21 July 2011


Let's talk about art, baby. Yep, in a break to our usual scheduling, we're having a look at art, you know, like we always used to do before we got sidetracked by smut peddling.

So, you may have been aware that Manchester International Festival was on just recently, and last Thursday I finally got round to going to the 11 Rooms show at Manchester Art Gallery. Maybe it's just me, but a man in a soldier's uniform standing in the corner of a room staring at the wall isn't what I'd call art. Nor is a pre-teen girl reciting a very strange text and interacting with the audience. And what on earth was Marina Abramovic doing putting that poor woman up on a wall in the nid, seemingly pretending to be a clock. Her arms must've been killing her. Sorry. I was a little non-plussed, to be honest, although I will admit that I was rather intrigued by Xu Zen’s In Just A Blink Of An Eye with a guy mid backflip - real; not real? Also quite liked Lucy Raven’s out-of-tune pianola programmed with the worst Les Dawson duet ever. But is it art?

Player pianos seem to be de rigueur with the old artists at the moment. Constellations at Cornerhouse features a Yamaha Disklavier, although it didn't seem to be working when I went, and from what I saw, Beethoven's Moonlight Sonata was being played through a stereo. Still, it did mean that my friend could show off his own keyboard skills, which made curator Karen Gaskill laugh when I told her. I thought we were going to get slung out. The music is the result of Katie Paterson transmitting a Morse code message of the piece to the Moon, which, when reflected back to Earth, was turned into the score (like Raven's 11 Rooms work, imperfect) that you hear in the airy top-floor gallery. The punched pianola roll is also displayed as part of Earth-Moon-Earth, and, as a whole, it's an interesting project.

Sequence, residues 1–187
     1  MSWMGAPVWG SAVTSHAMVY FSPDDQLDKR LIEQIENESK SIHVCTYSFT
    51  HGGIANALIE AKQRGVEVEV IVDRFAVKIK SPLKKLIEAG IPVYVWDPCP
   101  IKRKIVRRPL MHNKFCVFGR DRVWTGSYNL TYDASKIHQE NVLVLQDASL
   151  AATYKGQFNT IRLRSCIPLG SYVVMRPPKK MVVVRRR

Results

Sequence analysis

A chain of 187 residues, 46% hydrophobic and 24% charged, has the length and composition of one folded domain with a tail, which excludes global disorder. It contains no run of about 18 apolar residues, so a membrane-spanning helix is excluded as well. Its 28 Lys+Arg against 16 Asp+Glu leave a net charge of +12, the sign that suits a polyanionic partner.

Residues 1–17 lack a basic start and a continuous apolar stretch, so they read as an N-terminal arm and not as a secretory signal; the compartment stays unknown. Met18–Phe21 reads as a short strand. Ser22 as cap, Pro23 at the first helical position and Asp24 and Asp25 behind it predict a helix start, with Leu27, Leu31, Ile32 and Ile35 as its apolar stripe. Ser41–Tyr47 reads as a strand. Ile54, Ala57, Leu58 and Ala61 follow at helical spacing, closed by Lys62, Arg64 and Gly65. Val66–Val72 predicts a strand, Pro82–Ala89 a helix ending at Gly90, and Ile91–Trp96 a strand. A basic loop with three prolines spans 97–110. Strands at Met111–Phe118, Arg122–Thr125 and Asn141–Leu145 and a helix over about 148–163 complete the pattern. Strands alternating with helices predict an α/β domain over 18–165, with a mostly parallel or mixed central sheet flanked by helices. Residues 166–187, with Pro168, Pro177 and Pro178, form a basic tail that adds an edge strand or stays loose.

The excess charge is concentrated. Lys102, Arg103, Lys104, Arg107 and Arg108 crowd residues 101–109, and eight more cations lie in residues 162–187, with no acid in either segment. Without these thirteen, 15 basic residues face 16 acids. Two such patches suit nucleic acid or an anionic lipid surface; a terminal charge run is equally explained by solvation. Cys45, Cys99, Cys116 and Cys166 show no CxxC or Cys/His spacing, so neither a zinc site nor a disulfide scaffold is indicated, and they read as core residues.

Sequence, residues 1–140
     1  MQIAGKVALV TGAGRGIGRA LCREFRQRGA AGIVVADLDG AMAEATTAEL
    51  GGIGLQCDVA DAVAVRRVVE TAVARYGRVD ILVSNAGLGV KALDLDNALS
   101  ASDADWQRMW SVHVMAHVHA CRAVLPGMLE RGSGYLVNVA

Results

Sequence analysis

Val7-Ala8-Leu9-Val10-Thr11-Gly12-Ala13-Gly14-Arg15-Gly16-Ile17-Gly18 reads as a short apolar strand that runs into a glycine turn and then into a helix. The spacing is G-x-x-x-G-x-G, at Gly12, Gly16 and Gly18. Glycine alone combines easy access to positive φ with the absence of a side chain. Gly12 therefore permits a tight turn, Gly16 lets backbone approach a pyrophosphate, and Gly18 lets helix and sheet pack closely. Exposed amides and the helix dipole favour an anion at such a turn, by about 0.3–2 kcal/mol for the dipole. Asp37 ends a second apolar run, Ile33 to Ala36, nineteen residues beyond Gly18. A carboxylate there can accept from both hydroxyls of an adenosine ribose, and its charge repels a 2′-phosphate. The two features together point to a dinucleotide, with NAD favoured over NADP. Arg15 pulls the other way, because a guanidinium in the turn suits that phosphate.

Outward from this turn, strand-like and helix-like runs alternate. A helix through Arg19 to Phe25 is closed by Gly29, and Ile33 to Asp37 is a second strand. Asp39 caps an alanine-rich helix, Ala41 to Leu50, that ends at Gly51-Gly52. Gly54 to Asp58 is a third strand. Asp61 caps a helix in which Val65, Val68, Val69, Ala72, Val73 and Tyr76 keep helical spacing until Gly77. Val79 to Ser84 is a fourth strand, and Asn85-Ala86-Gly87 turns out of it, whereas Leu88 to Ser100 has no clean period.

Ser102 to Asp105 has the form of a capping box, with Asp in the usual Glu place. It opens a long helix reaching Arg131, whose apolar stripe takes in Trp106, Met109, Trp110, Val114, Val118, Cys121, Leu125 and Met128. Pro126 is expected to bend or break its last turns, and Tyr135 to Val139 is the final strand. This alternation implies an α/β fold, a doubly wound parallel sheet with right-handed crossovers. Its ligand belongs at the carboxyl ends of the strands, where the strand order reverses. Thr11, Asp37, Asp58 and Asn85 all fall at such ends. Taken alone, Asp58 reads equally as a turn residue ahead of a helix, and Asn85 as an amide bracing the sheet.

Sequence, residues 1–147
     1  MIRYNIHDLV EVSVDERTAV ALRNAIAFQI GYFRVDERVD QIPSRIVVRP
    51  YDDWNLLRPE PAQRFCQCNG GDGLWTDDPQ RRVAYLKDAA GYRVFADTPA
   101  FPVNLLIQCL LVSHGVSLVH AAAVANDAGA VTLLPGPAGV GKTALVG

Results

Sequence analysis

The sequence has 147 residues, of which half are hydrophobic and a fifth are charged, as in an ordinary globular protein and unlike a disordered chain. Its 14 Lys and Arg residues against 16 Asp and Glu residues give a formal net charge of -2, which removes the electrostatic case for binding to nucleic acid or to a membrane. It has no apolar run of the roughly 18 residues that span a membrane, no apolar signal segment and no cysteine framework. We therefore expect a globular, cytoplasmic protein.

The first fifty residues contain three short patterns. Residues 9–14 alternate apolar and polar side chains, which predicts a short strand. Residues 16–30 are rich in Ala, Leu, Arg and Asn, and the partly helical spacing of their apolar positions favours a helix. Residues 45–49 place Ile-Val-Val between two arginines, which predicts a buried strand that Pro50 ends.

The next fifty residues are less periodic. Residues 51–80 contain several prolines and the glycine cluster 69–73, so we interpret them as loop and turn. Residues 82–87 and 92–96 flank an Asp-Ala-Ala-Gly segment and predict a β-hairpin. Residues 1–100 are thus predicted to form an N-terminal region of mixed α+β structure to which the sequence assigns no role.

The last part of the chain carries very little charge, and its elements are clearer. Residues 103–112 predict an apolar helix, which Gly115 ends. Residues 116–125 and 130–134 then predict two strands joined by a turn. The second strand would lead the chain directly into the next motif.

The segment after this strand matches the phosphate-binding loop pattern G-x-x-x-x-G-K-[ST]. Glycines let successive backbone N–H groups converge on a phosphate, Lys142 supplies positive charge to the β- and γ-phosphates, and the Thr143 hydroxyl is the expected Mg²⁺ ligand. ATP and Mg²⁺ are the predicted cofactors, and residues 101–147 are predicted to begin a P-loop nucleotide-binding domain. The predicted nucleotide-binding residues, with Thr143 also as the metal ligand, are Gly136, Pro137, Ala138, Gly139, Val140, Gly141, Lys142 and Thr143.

Image by WeAreTape, from the Cornerhouse website.

I was also partial to Takahiro Iwasaki's work in Gallery 2: miniature pylons and masts; structures we usually only consider large and imposing. I was particularly drawn to the composition with coloured towels, called Out Of Disorder, Towels (pictured). Maybe I like bathroom accessories.

Two other artists, Kitty Kraus and Felix Gonzalez-Torres, make up the remainder of the exhibition, which "explores impermanence, ephemerality and movement". The show continues until Sunday 11 September and is co-curated by Michelle Kasprzak. I only told you about Karen earlier because she is my friend. There we go: a bit of healthy name-dropping on a Thursday afternoon.

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